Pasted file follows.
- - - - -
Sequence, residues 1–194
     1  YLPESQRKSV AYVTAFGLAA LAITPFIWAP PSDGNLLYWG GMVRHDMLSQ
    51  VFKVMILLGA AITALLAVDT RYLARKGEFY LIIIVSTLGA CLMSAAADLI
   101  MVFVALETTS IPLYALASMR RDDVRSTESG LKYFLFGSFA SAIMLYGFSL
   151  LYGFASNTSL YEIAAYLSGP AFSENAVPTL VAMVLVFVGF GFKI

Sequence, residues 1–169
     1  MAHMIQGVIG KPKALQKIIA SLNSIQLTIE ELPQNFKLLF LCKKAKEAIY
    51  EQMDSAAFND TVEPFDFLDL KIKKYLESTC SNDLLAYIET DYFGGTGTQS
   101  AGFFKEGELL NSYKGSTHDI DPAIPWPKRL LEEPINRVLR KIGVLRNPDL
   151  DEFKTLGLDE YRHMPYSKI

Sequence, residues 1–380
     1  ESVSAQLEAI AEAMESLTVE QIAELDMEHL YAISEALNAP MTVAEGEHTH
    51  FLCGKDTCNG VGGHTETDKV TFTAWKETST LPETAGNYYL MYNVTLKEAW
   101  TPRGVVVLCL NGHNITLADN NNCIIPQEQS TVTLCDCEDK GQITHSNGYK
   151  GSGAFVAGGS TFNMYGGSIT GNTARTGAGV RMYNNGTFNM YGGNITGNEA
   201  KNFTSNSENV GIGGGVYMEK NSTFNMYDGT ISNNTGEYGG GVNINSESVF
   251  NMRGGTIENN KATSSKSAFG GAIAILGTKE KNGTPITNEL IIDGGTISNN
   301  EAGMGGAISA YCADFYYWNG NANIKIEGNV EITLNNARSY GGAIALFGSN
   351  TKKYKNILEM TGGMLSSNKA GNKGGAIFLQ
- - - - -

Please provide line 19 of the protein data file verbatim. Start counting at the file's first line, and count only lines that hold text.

   351  TKKYKNILEM TGGMLSSNKA GNKGGAIFLQ